Here at Upworthy, we try to bring you heartwarming stories, so when we came across this story by My Modern Met, we knew we had to share it.
Kids are always surprising adults with questions or new skills they’ve learned. Young students at Nansemond Parkway Elementary School in Suffolk, Virginia, wanted to be able to communicate with the cafeteria worker who served them breakfast and lunch everyday. So they learned how.
Leisa Duckwall is deaf and had been working at the school for four years serving the students and staff. Because Duckwall cannot hear, she and the students did the best they could to make it work, until a teacher had an idea. Kari Maskelony, who teaches fourth grade, spoke with Duckwall using American Sign Language (ASL) and noticed the cafeteria went silent.
Students watched in awe as the two women used their hands to communicate. Maskelony grew up in a family that was hard of hearing, so sign language was part of her life, according to My Modern Met. After seeing the reaction of students, Maskelony asked the kids if they would like to learn the language.
One in eight people aged 12 and older in the United States have hearing loss in both ears. Around the world there are more than 70 million people who use sign language to communicate, yet not many people outside of the deaf community know sign language. The lack of access to sign language from the hearing world makes moving through life more difficult for deaf people. While places like Starbucks and Disney are working to include ASL, it’s not widely used by businesses.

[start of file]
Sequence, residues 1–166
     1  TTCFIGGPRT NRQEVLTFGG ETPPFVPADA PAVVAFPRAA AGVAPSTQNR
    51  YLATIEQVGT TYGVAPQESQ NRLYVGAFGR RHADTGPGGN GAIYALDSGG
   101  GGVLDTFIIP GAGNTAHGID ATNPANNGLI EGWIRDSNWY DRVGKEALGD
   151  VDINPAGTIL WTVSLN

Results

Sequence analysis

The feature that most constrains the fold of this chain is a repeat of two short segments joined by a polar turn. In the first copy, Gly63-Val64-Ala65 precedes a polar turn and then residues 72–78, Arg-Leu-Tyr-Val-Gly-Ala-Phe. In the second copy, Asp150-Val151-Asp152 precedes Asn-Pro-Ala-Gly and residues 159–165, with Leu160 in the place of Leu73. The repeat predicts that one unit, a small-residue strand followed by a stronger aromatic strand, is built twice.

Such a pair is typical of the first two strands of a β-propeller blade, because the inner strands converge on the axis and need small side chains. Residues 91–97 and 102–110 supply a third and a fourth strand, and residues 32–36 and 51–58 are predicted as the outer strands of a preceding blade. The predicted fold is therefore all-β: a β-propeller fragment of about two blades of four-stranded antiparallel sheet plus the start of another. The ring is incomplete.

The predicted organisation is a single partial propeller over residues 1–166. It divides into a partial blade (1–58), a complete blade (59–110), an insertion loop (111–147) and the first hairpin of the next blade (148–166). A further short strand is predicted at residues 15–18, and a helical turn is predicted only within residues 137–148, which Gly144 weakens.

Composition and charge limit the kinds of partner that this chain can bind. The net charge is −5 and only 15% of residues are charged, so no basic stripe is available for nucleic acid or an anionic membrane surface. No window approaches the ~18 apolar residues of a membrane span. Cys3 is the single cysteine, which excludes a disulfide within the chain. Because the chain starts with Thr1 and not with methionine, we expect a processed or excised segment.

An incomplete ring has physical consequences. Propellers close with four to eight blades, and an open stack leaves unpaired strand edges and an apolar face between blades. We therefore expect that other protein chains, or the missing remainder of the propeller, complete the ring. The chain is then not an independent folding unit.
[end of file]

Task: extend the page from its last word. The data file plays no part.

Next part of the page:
Now this cafeteria worker may finally be able to communicate with the students that come through her line. According to My Modern Met, the principal got wind of what was happening and decided to make it a schoolwide effort, including having morning announcements via video that taught a new word in sign language weekly.
Duckwall told My Modern Met, “Not only is it great for the kids because they can learn a new skill that they can carry with them and actually use with other people that they meet,” she said, “but I think it (is) great because equal inclusivity and equal access is so important. It’s just something that we don’t often see.”
The elementary school posted a video of the children ordering lunch using ASL and people in the comments can’t get enough of the exchange. Kimberly Duncan wrote, “I wish all schools taught asl! This is a great idea!” Cheyenne Smith said, “This touched my heart in a way like no other.”
All of the comments under the video praised the teacher and the school for teaching the children such an amazing skill that they can carry with them outside of the elementary school walls.
If Duckwall had any doubt that her school cared about her experience there, she can now rest assured that her students worked hard to make sure they could communicate in a language she could understand. That’s the sweetest gift these little ones could give.